process. -- comes across the path of junk. There are thousands of


tons of debris. If collisions take place that will


create more could be. It happened in 2009 when an American satellite


collided with a Russian satellite. That cost about two, 3,000 more


tons of debris. It propels do rubbish towards air.


For people who do not understand, that sounds frightening. -- earth.


Well, it needs to be done. If we do not do it we will be in trouble and


a short space of time. But there are a number of technologies and


that's what the students here, research workers, the technicians,


and that is what they will work on. The detection system, the capture,


all with their robotic system, the orientation, in the such a manner


as to control the orbit of the Earth's atmosphere.


A reminder of our main news - armed militia groups are threatening the


safety and security of lippy according to Amnesty International.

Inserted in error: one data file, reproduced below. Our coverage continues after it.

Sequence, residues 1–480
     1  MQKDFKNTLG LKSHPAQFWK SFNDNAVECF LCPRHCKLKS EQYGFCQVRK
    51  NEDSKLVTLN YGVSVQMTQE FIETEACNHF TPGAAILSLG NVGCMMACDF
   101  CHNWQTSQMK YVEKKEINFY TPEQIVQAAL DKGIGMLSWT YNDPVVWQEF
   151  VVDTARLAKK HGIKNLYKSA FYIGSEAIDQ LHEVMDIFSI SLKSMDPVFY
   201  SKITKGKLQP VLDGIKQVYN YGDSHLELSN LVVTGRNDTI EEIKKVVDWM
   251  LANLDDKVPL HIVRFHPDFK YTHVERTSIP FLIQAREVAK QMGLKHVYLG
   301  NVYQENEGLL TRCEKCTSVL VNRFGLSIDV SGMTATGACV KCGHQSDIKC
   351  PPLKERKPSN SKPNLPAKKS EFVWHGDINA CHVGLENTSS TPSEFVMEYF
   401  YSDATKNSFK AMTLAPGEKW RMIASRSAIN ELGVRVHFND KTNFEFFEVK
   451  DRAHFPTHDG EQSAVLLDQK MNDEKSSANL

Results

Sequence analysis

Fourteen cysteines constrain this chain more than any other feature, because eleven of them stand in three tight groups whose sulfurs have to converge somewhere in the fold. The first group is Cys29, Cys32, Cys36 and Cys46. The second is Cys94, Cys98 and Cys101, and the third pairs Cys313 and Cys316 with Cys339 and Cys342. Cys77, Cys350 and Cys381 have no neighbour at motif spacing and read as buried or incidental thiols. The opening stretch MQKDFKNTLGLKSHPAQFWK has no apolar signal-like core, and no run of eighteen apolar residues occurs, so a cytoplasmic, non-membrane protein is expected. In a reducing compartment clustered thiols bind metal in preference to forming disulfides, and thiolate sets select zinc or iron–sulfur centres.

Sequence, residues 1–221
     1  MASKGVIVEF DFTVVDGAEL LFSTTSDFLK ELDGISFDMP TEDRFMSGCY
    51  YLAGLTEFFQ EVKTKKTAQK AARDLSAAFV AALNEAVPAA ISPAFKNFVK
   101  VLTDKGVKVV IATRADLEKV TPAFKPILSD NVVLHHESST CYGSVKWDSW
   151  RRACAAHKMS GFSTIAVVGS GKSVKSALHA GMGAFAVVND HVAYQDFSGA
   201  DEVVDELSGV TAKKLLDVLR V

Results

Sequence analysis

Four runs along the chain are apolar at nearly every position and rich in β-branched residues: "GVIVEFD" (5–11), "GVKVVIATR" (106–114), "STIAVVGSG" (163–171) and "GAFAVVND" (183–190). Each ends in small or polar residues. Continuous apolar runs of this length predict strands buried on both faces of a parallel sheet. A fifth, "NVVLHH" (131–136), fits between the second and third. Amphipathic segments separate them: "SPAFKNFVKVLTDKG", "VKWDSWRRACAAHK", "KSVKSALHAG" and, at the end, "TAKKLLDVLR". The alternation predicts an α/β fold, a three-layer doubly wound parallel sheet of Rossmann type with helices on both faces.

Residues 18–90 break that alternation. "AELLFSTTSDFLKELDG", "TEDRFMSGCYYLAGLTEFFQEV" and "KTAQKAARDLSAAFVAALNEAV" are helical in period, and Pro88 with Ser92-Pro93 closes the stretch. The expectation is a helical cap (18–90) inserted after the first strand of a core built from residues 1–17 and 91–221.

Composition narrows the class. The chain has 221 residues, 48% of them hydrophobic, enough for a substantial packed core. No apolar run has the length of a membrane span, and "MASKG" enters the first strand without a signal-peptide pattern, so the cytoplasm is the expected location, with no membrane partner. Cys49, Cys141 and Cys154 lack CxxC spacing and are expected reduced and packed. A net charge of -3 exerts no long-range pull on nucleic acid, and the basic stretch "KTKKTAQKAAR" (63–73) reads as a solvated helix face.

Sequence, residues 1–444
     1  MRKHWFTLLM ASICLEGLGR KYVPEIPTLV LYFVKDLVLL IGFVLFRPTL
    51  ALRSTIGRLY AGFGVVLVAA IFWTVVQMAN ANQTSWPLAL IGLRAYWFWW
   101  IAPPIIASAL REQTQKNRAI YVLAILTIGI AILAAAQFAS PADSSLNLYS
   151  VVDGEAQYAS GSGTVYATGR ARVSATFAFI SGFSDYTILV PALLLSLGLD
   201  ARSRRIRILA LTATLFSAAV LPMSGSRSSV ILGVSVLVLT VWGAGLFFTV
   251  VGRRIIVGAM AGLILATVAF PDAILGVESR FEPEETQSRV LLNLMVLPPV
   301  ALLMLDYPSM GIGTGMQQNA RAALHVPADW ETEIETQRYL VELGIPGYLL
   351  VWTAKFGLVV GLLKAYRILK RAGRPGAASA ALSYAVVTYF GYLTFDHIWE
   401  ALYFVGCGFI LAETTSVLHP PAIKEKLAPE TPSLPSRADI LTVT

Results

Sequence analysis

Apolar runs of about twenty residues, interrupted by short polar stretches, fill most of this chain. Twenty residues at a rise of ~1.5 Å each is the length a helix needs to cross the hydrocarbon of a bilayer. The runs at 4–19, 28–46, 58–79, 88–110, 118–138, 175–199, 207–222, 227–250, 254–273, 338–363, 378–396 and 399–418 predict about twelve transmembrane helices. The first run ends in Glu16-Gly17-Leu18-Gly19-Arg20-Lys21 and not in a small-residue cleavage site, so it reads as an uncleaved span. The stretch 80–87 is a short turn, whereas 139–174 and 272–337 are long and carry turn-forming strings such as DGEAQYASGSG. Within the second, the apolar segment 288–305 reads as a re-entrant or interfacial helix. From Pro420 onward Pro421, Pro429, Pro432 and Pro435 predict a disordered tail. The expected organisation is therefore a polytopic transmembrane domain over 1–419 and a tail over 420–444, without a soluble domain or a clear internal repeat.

They say that rebel brigades are committing torture. -- Libya.


A resolution calling for President Assad to step down will be voted on


by the UN General Assembly. It is backed by France, where the foreign


minister claims that the status quo when Syria is unacceptable. Next we


have the weather report. From the Temperatures Het 13 degrees today


but it will get much colder over the weekend. There will be lots of


cloud and outbreaks of rain arriving also. Patchy rain and


drizzle for these are Weston Hills. Probably dry off a touch in


Northern Ireland. Not much rain across the Pennines. But a damp


afternoon for the north-west of England. But at least it is mild.


Lots more cloud than we had today. Perhaps a few spots of drizzle.


Most of that in the South West will be in the morning. Lots of cloud


for Wales and it will be North Wales that will see most of the


rain. It make dry off a little in Northern Ireland during the


afternoon where temperatures will still reached double figures.


Eventually it will cloud over in Scotland but the rain could be


quite heavy in the West, not so much in the east. The real cold